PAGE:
What Charles found the time to do between dalliances with his whores -- Protestant or otherwise -- his Catholic successor James II could not accomplish by any means. This ruler was forced to abdicate after holding the crown for only three years, and Parliament awarded it to James' half-sister Mary and her husband William -- both of them good Protestants who promptly invaded England from Holland. Their successful, bloodless entrance was called the Glorious Revolution of 1688. Protestant England was happy at last, and what is more, Parliament had given the kingdom to William and Mary only on condition of their accepting the terms of The Bill of Rights of 1689:

1) The use of the suspending power or the dispensing power without parliamentary consent was declared illegal; 2) Roman Catholics were prohibited from succeeding to the throne; 3) provisions would be made for frequent sessions of Parliament and freedom of debate; 4) standing armies were prohibited; and 5) the levying of taxes or forced loans without the consent of Parliament was repudiated. (12)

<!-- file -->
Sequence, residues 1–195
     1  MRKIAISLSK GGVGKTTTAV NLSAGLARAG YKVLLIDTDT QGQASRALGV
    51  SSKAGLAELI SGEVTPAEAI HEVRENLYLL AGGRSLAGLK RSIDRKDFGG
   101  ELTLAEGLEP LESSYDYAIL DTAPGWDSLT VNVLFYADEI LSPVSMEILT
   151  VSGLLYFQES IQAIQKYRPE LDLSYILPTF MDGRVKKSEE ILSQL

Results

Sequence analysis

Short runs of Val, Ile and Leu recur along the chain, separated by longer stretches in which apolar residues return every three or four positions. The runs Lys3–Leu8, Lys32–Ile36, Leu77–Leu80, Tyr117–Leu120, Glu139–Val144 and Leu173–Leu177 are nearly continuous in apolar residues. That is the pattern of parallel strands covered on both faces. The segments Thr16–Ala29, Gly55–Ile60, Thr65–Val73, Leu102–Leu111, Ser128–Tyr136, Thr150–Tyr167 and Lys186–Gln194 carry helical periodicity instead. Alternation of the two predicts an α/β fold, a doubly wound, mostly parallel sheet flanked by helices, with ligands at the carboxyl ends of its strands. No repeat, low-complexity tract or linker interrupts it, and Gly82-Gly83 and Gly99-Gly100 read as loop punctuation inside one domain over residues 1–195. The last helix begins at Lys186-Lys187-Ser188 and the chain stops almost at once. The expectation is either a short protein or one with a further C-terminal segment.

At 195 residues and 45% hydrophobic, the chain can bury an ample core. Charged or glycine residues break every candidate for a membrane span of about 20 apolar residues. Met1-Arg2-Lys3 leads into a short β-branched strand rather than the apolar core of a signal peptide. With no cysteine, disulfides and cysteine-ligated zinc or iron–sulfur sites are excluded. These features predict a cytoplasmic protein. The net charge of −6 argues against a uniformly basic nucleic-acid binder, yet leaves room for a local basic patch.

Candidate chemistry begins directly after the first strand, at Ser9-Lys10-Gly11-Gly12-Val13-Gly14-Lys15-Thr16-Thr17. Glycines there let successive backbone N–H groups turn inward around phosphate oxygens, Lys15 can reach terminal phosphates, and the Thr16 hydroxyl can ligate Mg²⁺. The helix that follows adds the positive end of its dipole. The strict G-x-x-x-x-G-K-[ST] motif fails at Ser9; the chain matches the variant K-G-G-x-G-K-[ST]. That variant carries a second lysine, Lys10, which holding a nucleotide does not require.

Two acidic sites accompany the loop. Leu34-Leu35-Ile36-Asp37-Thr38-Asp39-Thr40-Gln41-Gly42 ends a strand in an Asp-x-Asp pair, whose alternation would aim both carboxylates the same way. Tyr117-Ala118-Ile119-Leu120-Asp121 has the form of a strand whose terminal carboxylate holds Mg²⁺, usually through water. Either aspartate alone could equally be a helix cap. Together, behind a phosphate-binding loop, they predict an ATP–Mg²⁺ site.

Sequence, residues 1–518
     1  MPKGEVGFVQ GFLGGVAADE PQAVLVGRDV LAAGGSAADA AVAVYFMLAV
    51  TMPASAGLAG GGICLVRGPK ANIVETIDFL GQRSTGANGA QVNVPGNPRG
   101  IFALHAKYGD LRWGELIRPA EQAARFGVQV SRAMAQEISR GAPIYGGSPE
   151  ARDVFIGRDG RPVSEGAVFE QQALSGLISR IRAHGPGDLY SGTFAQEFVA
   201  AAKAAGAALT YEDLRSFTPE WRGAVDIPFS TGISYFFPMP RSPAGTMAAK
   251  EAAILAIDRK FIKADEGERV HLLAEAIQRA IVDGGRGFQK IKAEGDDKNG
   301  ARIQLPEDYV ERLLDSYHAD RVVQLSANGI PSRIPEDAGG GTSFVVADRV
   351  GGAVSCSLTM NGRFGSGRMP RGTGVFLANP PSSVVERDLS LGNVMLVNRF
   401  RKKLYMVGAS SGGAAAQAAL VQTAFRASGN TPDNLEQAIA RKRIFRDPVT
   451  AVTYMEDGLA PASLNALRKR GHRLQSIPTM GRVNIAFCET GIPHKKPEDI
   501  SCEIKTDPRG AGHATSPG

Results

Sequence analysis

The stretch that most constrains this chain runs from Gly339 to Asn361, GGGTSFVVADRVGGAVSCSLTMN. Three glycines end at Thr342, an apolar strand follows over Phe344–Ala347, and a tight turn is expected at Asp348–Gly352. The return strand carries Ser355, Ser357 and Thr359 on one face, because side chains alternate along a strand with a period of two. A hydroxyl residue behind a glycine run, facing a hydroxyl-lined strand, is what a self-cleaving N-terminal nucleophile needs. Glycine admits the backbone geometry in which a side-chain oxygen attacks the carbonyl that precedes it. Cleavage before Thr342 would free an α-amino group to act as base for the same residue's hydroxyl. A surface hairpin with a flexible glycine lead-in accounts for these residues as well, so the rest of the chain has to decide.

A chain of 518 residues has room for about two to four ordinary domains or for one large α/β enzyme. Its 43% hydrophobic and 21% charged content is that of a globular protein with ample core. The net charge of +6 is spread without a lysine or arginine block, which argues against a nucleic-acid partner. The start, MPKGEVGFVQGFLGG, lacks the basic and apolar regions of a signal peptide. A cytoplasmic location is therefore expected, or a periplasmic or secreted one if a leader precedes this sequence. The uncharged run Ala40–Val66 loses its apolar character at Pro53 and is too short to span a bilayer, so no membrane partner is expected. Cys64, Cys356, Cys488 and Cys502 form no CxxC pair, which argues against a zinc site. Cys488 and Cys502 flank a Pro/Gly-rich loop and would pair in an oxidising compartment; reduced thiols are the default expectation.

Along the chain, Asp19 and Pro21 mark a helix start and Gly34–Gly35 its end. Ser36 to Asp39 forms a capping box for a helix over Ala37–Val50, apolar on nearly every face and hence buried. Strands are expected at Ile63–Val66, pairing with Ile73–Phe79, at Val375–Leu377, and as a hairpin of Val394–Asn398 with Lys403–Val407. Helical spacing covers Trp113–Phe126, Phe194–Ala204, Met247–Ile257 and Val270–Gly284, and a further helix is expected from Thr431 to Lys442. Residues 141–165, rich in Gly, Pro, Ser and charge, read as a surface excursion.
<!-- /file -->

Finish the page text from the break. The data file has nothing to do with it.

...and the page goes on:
Once and for all, these terms rendered the monarch's power subordinate to that of the Parliament. At last, thanks to England's troubles in the seventeenth century, the idea that social and political stability in England depended on toleration, limited government, and balance of power came to the fore. Most Protestant Dissenters gained essential freedom of worship, and William, though never greatly popular with his subjects, ruled with relative caution. In sum, British monarchs from William's time onward had to give up -- even in theory -- all trifling about the divine right of kings and learn to obey the political philosophy set forth in John Locke's Second Treatise on Civil Government of 1690:

[135] . . A man, as has been proved, cannot subject himself to the arbitrary power of another; and having, in the state of Nature, no arbitrary power over the life, liberty, or possession of another, but only so much as the law of Nature gave him for the preservation of himself and the rest of mankind, this is all he doth, or can give up to the commonwealth, and by it to the legislative power, so that the legislative can have no more than this. Their power in the utmost bounds of it is limited to the public good of the society